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Blackhawks loss shows impact of NHL salary cap

By Michael Battista
Staff Writer

In this year’s Stanley Cup Playoffs, the Chicago Blackhawks, the highest seeded team in the Western Conference, were swept in the first round by the Nashville Predators. If I guaranteed this outcome earlier this season, I would have been admitted into a psych ward. But that’s exactly what happened, and while it was amazing to watch, it also served as a reminder of how much the salary cap matters in the NHL.

For those who are unaware, a salary cap in sports means that every team in a league has a limited amount of money they can spend on players’ salaries. Its purpose is to keep rich teams from buying all the talented athletes, which would leave other teams at a disadvantage. However, it has a side effect in the NHL where traditional championship dynasties have virtually disappeared.

The NHL had a history of teams winning multiple consecutive championships. The last time it happened was when the Detroit Red Wings won back to back in 1997 and 1998, just over a decade before the NHL set a hard salary cap for the 2005-2006 season.

On his show, “Pardon the Interruption,” ESPN commentator Michael Wilbon explained this situation in regard to the Blackhawks.

Top view background of hockey sticks and pluck laid out on ice, copy space (envato elements).

“When they won the Stanley Cup in 2010 by beating (the Philadelphia Flyers) and the hard NHL cap forces you to basically turn your team over by half… they came back in three years and they won (in 2013),” Wilbon said. “And they had to go away for another year, and they came back and they won (in 2015). And this is the cycle you have to have.”

Every year after the Blackhawks won, the team lost players in order to make room for new talent or resign contacts. After a team wins, the next season can see big roster changes thanks to contracts expiring and players wanting more money or traditional young talent getting a chance to play. As a result, hockey fans see the Blackhawks win the championship in 2015 before falling in the first round of the playoffs the next two years.

Hockey will never see a time like the ’60s to ’80s ever again. The Montreal Canadiens won the Stanley Cup 12 times between those years. The New York Islanders won four cups in a row between 1980 and 1984 before falling in the 1985 final. Their opponent, the Edmonton Oilers, went on to win five of the next seven Stanley Cups.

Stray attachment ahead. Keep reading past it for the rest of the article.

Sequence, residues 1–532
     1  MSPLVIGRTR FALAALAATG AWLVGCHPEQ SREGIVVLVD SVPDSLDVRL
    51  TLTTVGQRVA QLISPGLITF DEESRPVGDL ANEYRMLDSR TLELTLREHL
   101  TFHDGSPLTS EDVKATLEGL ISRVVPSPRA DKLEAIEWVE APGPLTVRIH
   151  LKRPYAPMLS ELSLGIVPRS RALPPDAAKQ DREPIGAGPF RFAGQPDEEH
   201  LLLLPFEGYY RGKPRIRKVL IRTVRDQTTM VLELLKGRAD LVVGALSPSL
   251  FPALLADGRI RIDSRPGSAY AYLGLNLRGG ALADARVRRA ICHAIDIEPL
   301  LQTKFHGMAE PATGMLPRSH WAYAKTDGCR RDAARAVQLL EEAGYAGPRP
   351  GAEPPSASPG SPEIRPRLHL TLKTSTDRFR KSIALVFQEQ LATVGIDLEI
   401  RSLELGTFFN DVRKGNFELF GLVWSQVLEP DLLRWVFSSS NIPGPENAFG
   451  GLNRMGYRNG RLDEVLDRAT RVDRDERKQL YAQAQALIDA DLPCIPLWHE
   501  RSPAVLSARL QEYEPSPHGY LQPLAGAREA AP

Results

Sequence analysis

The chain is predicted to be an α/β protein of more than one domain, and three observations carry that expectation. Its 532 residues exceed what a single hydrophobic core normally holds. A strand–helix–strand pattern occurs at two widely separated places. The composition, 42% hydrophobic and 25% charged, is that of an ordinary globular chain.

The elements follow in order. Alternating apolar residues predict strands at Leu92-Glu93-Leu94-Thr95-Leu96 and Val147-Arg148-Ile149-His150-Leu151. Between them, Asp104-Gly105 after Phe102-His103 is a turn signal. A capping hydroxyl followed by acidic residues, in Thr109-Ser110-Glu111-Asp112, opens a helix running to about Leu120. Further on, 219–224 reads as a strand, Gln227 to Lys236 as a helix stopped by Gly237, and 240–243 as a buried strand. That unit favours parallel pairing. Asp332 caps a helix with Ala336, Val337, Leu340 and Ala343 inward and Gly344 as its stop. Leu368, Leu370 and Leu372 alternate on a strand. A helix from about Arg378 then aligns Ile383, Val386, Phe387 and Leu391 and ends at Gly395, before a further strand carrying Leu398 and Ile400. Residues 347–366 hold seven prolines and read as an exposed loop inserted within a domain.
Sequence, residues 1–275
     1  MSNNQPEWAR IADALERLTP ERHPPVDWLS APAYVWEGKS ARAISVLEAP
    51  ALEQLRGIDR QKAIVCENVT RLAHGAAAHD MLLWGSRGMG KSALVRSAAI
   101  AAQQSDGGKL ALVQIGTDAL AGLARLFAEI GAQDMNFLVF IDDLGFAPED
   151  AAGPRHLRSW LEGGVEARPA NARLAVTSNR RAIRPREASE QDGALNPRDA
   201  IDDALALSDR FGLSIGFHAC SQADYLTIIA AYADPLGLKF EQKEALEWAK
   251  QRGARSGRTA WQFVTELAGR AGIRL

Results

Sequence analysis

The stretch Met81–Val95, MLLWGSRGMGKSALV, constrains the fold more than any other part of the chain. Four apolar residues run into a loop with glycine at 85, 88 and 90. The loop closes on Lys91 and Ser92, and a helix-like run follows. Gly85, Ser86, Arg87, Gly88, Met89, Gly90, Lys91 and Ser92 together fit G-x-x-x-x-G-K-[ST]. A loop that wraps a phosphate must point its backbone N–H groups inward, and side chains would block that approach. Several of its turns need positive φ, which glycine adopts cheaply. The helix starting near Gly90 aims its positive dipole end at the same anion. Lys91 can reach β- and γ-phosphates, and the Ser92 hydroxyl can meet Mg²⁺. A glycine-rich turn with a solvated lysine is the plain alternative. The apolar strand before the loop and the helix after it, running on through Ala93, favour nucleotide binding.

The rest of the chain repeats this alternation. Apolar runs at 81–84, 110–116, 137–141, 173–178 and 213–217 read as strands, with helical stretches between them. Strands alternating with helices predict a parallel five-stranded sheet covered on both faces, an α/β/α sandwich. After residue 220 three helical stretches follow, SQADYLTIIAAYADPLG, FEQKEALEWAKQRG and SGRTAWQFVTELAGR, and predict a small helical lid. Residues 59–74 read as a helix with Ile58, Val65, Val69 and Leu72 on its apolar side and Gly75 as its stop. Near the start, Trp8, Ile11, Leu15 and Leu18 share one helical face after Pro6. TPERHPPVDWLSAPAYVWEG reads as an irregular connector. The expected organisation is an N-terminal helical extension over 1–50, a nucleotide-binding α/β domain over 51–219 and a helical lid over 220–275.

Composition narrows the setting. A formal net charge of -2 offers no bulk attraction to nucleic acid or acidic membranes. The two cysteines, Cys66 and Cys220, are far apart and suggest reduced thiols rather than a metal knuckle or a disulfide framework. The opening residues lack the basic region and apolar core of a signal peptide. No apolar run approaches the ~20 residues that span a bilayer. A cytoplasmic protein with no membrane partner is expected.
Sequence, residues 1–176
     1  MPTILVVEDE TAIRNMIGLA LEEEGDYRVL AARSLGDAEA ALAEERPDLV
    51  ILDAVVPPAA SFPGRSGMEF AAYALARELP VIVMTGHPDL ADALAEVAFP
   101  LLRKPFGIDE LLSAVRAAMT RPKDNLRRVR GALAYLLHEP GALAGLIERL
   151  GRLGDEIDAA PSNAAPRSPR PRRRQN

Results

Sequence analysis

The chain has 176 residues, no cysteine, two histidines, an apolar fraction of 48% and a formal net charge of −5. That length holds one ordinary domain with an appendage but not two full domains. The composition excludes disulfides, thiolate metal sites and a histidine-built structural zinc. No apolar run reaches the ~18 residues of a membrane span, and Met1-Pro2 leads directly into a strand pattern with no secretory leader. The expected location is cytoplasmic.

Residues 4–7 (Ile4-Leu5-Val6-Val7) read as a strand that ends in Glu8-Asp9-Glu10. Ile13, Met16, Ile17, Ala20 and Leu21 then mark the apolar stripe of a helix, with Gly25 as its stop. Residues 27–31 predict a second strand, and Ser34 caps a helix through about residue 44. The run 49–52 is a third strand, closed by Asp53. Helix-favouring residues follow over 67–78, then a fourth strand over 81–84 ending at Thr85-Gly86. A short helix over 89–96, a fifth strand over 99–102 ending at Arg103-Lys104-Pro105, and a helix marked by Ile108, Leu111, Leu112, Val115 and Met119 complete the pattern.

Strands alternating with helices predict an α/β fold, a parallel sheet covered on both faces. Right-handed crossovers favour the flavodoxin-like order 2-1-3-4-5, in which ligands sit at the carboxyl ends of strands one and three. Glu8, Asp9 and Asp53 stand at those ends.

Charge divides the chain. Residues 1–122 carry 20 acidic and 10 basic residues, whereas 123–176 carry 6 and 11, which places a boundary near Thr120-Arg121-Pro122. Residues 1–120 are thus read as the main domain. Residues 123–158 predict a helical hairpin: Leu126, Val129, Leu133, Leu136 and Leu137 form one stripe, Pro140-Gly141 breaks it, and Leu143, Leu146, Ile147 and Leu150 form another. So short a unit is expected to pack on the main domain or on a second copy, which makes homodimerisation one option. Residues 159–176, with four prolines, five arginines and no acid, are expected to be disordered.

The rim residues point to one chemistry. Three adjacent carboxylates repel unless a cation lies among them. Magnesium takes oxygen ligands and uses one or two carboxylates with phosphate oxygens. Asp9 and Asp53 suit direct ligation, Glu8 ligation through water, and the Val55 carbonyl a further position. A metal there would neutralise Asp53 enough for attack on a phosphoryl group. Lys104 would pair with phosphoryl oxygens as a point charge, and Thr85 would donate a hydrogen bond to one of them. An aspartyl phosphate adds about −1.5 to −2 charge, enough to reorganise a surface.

All of these teams had incredible arsenals that didn’t have any restrictions. Montreal had players like centers Henri Richard, Jean Beliveau and right winger Yvan Cournoyer who all won at least 10 cups with the team. Edmonton had the power trio of centers Wayne Gretzky, Mark Messier and defender Kevin Lowe.

These teams basically housed half of the league’s all-star team. Teams with no money, like the now defunct Atlanta Thrashers, posed no threat and were left with little to compete with.

But it isn’t doom and gloom in regard to repeated success, it’s just a new process in effect. With the cap currently set at $60 million and teams able to spend up to $70.2 million in certain circumstances, brand new “salary cap” era dynasties took place.

The aforementioned Blackhawks are a perfect example, as they have been able to balance franchise talent like right winger Patrick Kane and center Jonathan Toews with young rookies, including five on this year’s roster. The constant reshuffling and rebuilding allows this team to be a constant presence in the playoff hunt and three recent Stanley Cups.

The Los Angeles Kings are another great example, no matter how much I hate them. They won two times in three years between 2012 and 2014. Young talent like defenders Brayden McNabb and Drew Doughty mixed with experienced players like goalkeeper Jonathan Quick are what got the Kings its rings. Even though they beat the New York Rangers in 2014, I respect their organization’s strategy.

The Edmonton Oilers are using a similar strategy right now. They haven’t been in the playoffs since 2006 when they lost in the Stanley Cup finals. Now with center Connor McDavid in his second year and a sustainable Oilers team around him, these Edmonton boys look like they can become a team to recon with as shown by their playoff series win against the San Jose Sharks this season.

So, in the end, I love the salary cap. Sure, my rich New York Rangers can’t rule the world like their baseball brothers in the Bronx did in the late ’90s or buy a ring in 2009, but it maintains parity for everyone. Plus, if a team does repeat as champions, it makes the accomplishment even more special.


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